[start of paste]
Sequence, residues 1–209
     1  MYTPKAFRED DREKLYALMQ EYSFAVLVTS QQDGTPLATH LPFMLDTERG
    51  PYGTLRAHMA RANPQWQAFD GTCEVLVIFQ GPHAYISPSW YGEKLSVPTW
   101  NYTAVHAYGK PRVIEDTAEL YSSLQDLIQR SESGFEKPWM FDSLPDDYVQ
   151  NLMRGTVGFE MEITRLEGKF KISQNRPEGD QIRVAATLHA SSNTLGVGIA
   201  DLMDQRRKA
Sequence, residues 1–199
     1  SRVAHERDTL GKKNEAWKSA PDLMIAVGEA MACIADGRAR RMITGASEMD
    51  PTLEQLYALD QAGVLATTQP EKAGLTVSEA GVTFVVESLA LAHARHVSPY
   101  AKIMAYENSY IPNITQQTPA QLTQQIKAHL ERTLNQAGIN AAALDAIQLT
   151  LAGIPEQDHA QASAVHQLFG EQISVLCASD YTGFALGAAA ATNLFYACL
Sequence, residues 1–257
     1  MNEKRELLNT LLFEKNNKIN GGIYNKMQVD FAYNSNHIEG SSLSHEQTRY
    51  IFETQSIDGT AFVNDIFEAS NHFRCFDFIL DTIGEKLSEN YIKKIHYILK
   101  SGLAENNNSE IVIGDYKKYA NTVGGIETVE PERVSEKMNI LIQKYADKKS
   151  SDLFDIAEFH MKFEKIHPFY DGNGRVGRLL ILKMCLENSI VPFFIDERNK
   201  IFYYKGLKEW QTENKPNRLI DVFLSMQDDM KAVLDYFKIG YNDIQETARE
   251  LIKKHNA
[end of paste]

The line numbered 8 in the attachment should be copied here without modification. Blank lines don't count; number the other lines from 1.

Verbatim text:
     1  SRVAHERDTL GKKNEAWKSA PDLMIAVGEA MACIADGRAR RMITGASEMD